Friday, August 13, 2010

August 10 Jack Nicklaus Signature golf course Demonstration

About 100 people marched through Benton Harbor on August 10, 2010, the day Whirlpool opened it's Jack Nicklaus Signature golf course, despite two court cases pending. We stopped at the golf course entry where we were met by at least 4 sheriff's deputies, 6 Benton Harbor Township police, and 4 Benton Harbor police. Our chanting was loud, especially when Julie Swidwa of the local Herald Palladium, attempted to interview Rev. Edward Pinkney, organizer of the demonstration and local NAACP president. "Julie is one-sided!!" was chanted over and over - the people had at least this one opportunity to let Swidwa hear what is thought of her "reporting," especially the hit jobs she's done on Pinkney over a decade. There was no interview. In a gratuitous show of power, police escorted her away. Whirlpool knows that media are the prime shapers of opinion; the company paper serves them well.

Other chants included, "Jack Nicklaus Go Home!," "Marcus Robinson Go Home!," and "Jean Klock Park was deeded to the people!" (Robinson works in "community development" for Whirlpool.) 130 media outlets sent reporters to cover the opening, so people in many states viewed the demonstration as part of the golf course coverage.

After the golf course protest, a rally was held on a nearby grassy area with speakers from Benton Harbor, Detroit, New York, Minneapolis, southern Illinois, Chicago, Kalamazoo, Ann Arbor, and elsewhere. Their insightful words made evident their understanding of the era of corporate control we now live under. Government and corporation as one (fascism). And, how corporations prey on the poor. In the case of Benton Harbor, Whirlpool is carrying out a hostile takeover of the city's Lake Michigan beaches, parks, and land. Endangered plant and animal species are of no concern to Whirlpool. African-American people were also in the way, hence, arguably the most aggressively prejudicial and harsh law enforcement/court system in the state (Berrien County). Benton Harbor citizens get time for walking down the "wrong" street. As attorney Buck Davis wrote:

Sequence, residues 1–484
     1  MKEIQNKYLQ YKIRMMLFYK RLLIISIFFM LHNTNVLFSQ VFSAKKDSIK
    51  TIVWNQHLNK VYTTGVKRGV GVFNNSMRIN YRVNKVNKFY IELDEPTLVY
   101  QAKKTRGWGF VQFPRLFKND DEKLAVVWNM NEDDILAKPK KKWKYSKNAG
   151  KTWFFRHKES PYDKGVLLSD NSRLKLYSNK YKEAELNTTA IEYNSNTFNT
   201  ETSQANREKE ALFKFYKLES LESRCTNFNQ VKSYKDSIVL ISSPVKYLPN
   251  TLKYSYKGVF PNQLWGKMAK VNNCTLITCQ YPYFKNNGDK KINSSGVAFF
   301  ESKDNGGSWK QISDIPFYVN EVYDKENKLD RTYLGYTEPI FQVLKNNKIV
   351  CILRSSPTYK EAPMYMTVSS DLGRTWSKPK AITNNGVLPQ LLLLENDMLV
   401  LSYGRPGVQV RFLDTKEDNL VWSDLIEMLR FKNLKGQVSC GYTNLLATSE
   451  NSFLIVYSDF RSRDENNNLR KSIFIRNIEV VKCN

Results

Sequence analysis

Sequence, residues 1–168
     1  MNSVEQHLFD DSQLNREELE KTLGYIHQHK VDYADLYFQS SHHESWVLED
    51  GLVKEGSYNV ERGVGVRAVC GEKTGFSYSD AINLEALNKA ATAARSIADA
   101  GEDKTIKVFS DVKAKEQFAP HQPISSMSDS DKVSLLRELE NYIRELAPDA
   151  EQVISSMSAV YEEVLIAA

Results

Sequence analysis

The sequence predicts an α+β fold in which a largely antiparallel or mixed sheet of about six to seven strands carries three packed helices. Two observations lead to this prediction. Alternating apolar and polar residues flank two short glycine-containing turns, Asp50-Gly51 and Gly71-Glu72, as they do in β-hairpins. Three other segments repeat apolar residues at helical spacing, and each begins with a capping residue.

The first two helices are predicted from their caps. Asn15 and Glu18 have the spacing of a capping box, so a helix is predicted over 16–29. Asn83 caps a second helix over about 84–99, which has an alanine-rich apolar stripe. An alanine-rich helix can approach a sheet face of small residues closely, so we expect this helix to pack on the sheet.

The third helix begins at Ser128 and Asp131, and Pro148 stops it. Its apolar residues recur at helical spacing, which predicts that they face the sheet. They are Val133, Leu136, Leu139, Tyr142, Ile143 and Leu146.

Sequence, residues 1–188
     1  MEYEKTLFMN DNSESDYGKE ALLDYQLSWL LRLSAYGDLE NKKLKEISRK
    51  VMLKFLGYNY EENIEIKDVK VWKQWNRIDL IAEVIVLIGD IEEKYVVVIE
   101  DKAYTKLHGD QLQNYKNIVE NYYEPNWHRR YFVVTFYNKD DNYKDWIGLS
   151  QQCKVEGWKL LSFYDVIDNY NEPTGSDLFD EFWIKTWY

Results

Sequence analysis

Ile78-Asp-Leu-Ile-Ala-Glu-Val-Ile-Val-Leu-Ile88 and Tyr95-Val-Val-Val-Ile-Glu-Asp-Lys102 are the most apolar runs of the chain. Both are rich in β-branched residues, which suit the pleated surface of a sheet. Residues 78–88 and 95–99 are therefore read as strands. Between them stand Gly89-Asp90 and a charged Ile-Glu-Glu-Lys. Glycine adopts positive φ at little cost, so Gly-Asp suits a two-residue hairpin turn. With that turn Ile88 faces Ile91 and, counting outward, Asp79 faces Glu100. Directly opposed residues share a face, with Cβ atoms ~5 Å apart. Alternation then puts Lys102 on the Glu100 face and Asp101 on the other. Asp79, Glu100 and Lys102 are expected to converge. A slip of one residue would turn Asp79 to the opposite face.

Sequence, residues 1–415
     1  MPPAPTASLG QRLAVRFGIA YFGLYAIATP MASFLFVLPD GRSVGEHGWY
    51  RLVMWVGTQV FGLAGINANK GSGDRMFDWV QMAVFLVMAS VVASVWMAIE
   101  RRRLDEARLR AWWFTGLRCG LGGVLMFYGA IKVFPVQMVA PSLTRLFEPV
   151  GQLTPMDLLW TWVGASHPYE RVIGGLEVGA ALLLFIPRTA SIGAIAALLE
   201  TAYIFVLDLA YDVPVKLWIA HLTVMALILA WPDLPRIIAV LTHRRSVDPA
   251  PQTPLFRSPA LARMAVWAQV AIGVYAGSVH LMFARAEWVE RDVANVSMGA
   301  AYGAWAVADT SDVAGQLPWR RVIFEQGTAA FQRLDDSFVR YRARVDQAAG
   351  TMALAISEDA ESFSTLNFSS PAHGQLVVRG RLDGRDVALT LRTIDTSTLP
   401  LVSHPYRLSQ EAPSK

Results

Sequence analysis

“The thrust [of the county courthouse] is to physically remove and destroy families through the use of the criminal justice system. Every person they can put in jail; every person whose voting rights they can revoke with a felony conviction; every person they can cause to lose their job by putting them on probation; every person they can cause to lose the ability to pay for basic necessities through imposing ruinous court costs and probation is all part of the process. In the 1960s, it was called Negro removal. In Bosnia, it was called ethnic cleansing. It could be called genocide, the removal of the minority population for the purpose of redevelopment of the land. That’s what’s happening in Benton Harbor and the foremost leader of the resistance is Rev. Edward Pinkney.”

Whirlpool Vice President Jeff Noel told U. of Mich. business school students and faculty that if you want poor peoples' land, and have justice groups "on your back," simply bring in Habitat for Humanity to build a few houses and donate some appliances. Part of the land he and his corporate partners wanted was deeded in perpetuity to the citizens of Benton Harbor in 1917 by John Klock, a land owner who's infant daughter died. In a town ceremony, Klock spoke of people who owned no land but would always have this park, and named it after his infant daughter: Jean Klock Park. The largest appliance manufacturer in the world, which has outsourced most of it's jobs leaving Benton Harbor in dire poverty, has enough lawyers to get around the minor inconvenience of a deed.

In a video no longer accessible on the web, former Whirlpool CEO Dave Whitwam stated that this is the last and largest piece (530 acres) of prime real estate along the Lake Michigan shoreline. (Parkland is real estate?) Whirlpool is busy inventing terminology to justify their takeover. An example: they call this the first ever "Master Planned Community." It will have a town center with retail shops and restaurants. (Are they replacing Benton Harbor with a new town?) Deeded parkland for the people is becoming a posh enclave for the wealthy.

A stretch of the most pristine, natural beach front is to be no more. Ever. One protester said that people who grew up in this area and love the land and lake feel like an arm is being cut off.

Judges keep ruling in favor of Whirlpool in cases brought by preservationists.

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